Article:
IS IT ME?: IDENTIFYING THE BOUNDARIES OF INTROVERSION – PART 2
By Karla Holland
In part one of my Article “Is it Me?”, we covered the cultural factors that affect non-verbal miscommunication . But even when meeting someone on a cultural level, miscommunication will occur, for reasons only that person can account for.
After figuring out the regional differences within the United States, I realized that as an unfortunate side effect of our pro-extraverted society, some people over rely on specific outward emotional or physical communication for validation due to psychological baggage. When they don’t receive it, they interpret it as personal rejection. To assure this type of person receives validation would need an introvert to exceed their comfort zone daily. They ignore reasonable factors like a call dropping or not being able to hear in a noisy building. An extrovert can never meet their needs, so you shouldn’t try either. Forward them to the nearest counselor.
On the flip side, introverts can fall victim to those who don’t want friendships, but lackeys. Often in their search for someone to hold down, they’ll mistakenly identify introverted behavior for that of low self-esteem. One of my former friends would invite me to make a decision before shooting it down, mocked other people who had the same traits I did, pushed me out of my comfort zone. Expectedly, I felt so bad for not being like them to the point I would walk behind them. At the time, I had no alternative to compare, so I stayed in this relationship until I reached a breaking point and stood up to her. Though many introverts have low self-esteem (at the moment) , it’s actually a symptom of their environment and their social circle. Any emotional baggage must be dealt with in counseling.
Knowledge, Then Power
When thinking of the more casual interactions from the past, some are mysteries to which I had never been able to solve but they ended up teaching me a different lesson than I expected. For example, I mentioned always being an introvert, yet I was not identified as one at the time. Of course I was given every other label, such as “anti-social” or “quiet.” It became a problem until a gym teacher began failing me despite my participation in class. When my mother had a meeting with the principal and this teacher, it turned out that said teacher’s idea of being social was saying hello to her in particular, to her face, regardless of whether I interacted with the other students or not. I was never mean or rude to this teacher but that was ridiculous. My mother made sure the school took me out of that teacher’s class under threat of litigation. To this day I never learned what issues that teacher had to inflict that kind of neurotic behavior on me but it taught me that such behavior had nothing to do with me. Although a lot has progressed for introversion awareness in the following 15 years, it hasn’t stopped me from encountering more people like this teacher.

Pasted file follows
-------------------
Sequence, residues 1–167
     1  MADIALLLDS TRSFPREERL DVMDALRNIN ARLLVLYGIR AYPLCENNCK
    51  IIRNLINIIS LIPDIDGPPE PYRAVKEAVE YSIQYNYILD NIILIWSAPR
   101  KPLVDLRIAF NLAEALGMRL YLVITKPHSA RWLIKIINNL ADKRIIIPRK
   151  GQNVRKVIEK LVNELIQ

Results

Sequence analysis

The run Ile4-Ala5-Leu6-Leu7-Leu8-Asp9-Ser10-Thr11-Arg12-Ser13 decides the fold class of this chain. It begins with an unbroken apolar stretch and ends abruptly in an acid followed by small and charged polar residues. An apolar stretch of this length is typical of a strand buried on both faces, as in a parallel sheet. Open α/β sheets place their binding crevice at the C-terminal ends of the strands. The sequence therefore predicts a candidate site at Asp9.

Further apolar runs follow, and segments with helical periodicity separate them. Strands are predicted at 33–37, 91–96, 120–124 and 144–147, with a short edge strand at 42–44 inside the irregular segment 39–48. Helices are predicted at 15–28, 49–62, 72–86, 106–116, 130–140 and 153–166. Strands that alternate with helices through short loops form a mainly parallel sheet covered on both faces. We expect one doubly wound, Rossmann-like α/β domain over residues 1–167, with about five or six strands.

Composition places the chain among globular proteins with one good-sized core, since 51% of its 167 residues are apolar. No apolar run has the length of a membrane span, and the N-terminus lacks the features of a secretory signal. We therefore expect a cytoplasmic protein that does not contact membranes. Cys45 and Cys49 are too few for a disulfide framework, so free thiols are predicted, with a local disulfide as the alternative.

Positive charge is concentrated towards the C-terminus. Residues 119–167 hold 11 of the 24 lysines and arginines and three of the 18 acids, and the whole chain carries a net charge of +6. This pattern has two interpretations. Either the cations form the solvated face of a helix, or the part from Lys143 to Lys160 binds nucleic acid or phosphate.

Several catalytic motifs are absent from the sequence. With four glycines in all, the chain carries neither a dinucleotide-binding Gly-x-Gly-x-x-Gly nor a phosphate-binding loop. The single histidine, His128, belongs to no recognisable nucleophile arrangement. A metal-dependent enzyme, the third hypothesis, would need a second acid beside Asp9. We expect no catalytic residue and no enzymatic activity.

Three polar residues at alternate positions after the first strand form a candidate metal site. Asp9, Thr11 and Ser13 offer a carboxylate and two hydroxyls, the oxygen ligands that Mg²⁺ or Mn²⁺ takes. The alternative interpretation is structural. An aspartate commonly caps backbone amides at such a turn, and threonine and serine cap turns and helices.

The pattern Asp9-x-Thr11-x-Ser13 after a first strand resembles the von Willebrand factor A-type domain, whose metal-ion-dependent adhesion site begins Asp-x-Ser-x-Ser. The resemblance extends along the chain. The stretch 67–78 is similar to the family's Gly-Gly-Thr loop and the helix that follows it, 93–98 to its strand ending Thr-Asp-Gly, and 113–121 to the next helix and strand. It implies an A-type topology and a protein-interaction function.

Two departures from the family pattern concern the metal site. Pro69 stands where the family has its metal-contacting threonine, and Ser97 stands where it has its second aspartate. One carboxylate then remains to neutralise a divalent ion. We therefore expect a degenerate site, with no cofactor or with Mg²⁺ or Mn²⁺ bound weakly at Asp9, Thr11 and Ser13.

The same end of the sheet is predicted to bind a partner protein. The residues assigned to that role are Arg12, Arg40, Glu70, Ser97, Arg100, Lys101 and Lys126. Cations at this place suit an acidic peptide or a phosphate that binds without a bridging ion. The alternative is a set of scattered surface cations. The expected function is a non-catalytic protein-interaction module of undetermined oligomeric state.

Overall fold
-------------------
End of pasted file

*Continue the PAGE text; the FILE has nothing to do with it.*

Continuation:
This economy has forced people like my old gym teacher to take jobs that directly affect others, such as managers or supervisors, enforcing their standards on other adults. If you believe that you are being unfairly reprimanded on account of your introversion, regardless of your work performance, take notes of behaviors you find unfair, ask co-workers you trust to account for your social interaction, and file a complaint to that person’s supervisor. If your job does nothing and you are still punished for not acting like the high school prom queen as expected, then I suggest starting your search for friendlier employment. It exists.
After looking back at my life with this new perspective, there was only but one lesson I learned: I’m an introvert. I have a personality type, not a disorder. I have nothing to “overcome” but those who find my existence a threat to their own world. The rest will need patience.
Karla Holland is a Charlotte-based Illustrator pursuing a BFA in Graphic and Web design. She’s earned a first BA in Communication and Media Studies and has used this degree to explore the nature human communication, and its applications. Karla has managed to apply her education to gain employment as a Guest Relations Assistant for Charlotte’s major events venues and serving as editor on a film short for the online biodiversity magazine Izilwane.org, which helped earned the film a spot in the Taos Shortz Festival in Taos, New Mexico.
After her brief stint in media production, Karla decided to return to her childhood passion for sequential art, attending workshops to marry her artistic talent with her communication education. In her spare time, Karla contributes daily to her own insight about the world of comics, new media and anything that intrigues her interest on her blog The Gorgon Transplant at The Gorgon Transplant. An avid user of social media, her accounts can be found at About Karla Holland.